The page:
Even though most of the poems have been rendered in first person, they are pleasantly lacking in self-consciousness or artificiality. The feelings of love, of heartbreak and separation are expressed in a way that is in sync with ennui-ridden realties of life. Readers can empathize with the lines because of the feeling that through her poems, the poet is addressing them directly. These lines from the poem titled, “Spring, the Step Child” are certainly worth dwelling upon:
“Now evenings are tired.
Some swindler has abandoned the dusk.
Nights are longer than ever. Spring, my step-child
Carries life on her feeble shoulders.”
Sahu divides her life between Odisha and Delhi, maybe that is the reason why many of her poems carry nuances of a cross-cultural outlook. They definitely have a postmodern feel about them, something that the emerging class of neo-liberal urban Indians can empathize with. Like in the poem “War”:
“…Gitas, Qurans, Bibles
Are folded, guns encumbered.
is a past
that eclipses all future,
annihilates us in death.
In war. Futile war.”
Nandini Sahu astutely avoids politics and its games; she prefers to speak of a woman’s dilemmas. Hers is a world of women entangled in the web of relationships; a world in which they try to find alternatives to break away from the cocooned domesticity; a world in which they are out to confront their conditional socio-cultural-familial selves. “Other than putting questions to the world around, I prefer to focus the torch of enquiry inward”, Sahu asserts rejecting adherence to existing trends. She is given to self-doubts and knows not how to retreat. The inner demands and social propriety stand at loggerheads and generate conflicts, and the resultant challenges tear her apart—giving birth to poetry. Sahu makes her poetry many dimensional by crowding the pages with women who have tried and failed and tried again to grapple with themselves in different contexts.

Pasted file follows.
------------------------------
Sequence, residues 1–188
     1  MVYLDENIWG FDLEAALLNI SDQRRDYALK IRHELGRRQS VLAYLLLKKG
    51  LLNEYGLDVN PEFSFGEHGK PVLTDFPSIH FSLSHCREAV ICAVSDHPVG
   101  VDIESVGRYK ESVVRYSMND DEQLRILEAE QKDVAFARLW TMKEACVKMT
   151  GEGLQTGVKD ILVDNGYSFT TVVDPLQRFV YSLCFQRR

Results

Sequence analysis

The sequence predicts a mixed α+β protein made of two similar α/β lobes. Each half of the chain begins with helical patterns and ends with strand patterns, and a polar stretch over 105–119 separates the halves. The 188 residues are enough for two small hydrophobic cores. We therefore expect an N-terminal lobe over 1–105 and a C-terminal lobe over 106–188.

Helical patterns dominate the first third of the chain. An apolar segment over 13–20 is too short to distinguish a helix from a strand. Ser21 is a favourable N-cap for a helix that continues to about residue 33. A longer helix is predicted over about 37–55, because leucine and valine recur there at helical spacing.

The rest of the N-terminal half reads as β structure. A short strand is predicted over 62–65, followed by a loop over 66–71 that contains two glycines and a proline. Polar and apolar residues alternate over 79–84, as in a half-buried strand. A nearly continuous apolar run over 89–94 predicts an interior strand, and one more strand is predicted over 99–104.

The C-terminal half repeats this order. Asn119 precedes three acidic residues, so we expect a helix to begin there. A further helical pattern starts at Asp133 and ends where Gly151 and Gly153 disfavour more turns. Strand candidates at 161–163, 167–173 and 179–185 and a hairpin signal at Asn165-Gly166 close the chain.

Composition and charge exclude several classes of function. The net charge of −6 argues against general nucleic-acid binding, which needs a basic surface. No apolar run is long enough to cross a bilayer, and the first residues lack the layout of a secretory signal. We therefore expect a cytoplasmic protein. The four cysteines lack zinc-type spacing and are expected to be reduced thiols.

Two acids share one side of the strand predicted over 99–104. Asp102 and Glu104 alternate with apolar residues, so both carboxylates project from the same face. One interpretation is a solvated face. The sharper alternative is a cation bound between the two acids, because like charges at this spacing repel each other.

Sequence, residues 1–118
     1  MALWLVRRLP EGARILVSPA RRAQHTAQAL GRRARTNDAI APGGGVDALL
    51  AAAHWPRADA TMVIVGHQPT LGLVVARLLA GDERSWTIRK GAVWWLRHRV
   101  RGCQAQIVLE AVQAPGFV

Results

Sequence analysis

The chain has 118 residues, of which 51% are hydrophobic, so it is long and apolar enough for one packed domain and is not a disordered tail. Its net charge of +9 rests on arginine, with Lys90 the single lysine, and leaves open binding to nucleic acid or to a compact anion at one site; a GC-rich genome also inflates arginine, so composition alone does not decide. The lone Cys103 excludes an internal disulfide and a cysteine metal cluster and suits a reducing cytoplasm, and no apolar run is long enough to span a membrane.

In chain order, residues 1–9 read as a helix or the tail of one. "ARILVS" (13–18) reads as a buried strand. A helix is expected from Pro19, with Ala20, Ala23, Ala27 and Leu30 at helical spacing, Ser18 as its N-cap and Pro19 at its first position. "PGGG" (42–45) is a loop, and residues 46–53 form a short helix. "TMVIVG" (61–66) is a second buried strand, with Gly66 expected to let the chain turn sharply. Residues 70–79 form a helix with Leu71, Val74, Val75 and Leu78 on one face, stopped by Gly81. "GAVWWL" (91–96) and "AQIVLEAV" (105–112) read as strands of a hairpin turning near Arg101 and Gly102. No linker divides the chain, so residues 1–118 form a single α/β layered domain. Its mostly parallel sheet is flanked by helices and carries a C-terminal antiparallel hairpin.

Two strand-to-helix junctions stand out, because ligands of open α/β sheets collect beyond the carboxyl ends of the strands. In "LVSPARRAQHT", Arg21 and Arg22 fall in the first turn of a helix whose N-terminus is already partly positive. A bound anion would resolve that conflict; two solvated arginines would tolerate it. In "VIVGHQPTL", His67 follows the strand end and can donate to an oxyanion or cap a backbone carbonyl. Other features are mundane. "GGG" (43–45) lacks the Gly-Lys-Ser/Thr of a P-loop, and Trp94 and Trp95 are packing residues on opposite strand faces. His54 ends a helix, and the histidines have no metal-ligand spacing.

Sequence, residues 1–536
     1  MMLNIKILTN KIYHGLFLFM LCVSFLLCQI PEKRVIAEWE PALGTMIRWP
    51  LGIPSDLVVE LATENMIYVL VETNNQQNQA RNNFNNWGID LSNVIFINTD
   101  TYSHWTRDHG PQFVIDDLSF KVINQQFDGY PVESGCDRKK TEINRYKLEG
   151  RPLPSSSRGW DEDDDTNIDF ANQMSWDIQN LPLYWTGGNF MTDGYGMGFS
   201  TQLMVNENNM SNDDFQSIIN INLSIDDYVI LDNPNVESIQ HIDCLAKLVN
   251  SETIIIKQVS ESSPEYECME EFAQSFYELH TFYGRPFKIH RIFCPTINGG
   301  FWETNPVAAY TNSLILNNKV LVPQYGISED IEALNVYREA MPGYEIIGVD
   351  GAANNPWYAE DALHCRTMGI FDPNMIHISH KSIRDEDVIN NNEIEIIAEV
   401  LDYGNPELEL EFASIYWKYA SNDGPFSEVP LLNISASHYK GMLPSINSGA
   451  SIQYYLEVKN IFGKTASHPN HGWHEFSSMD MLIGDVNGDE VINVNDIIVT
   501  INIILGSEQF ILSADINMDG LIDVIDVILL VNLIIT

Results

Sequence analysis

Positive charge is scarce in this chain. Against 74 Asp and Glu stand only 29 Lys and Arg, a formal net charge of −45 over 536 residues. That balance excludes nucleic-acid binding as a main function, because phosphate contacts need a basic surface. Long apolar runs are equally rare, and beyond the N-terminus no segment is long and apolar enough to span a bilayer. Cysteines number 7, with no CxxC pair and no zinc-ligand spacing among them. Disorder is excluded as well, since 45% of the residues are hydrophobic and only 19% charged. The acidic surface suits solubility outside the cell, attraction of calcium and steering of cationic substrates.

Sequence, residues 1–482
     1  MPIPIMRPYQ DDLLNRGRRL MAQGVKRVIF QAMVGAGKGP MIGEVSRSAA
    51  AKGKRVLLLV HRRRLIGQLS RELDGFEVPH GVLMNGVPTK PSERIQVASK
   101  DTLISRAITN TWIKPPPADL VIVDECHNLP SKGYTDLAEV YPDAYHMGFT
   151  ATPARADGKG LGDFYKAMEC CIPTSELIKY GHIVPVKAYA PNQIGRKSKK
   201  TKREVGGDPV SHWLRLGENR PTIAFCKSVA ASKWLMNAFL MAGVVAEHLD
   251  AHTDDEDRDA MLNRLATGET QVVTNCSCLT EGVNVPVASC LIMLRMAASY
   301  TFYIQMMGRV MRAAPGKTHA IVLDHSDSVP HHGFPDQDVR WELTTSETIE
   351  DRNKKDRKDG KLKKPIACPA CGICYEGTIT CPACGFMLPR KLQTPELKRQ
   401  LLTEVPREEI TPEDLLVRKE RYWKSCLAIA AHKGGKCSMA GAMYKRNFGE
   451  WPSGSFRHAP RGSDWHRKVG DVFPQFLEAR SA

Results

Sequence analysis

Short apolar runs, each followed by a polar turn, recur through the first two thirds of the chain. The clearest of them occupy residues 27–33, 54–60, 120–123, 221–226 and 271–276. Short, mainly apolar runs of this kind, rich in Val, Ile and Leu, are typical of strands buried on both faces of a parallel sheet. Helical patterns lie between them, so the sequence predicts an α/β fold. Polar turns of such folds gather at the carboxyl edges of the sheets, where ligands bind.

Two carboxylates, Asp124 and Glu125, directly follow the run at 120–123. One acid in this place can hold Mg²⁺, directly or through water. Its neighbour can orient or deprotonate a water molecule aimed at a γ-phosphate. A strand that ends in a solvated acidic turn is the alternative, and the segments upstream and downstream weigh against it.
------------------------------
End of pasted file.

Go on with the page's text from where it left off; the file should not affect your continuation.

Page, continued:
Sahu keeps experimenting with images from contemporary life, society and her desire to express universal experiences of love, separation, family relations, suffering, meaninglessness and urban chaos. At times the connections between the images are sketchy and tentative with connecting patterns of sound, rhythms and rhymes. The pursuit of the thirsty poetic soul ends with the last poem, ‘Can I Start Living Now?’ Sahu’s ever-flowing river is in the centre. The river is wide and deep and is flowing for thousands of years. The boat is small and narrow. Those drifting with the boat are unable to cross the river. The river is also a shroud. How can you cross a shroud? The river is an illusion and the boat also is an illusion, life and death and the groping in between are illusions. Suddenly the poet turns into a rolling stone and the revelation comes in a flash. True, life may be an illusion, so may be death. But the forest that is poetry is real. And in the words of canonical poets like Nandini Sahu, we shall continue our exploration of poetry.
Silver Poems On My Lips by Dr.Nandini Sahu, Authorspress, Delhi, 2009, pp123, Rs.150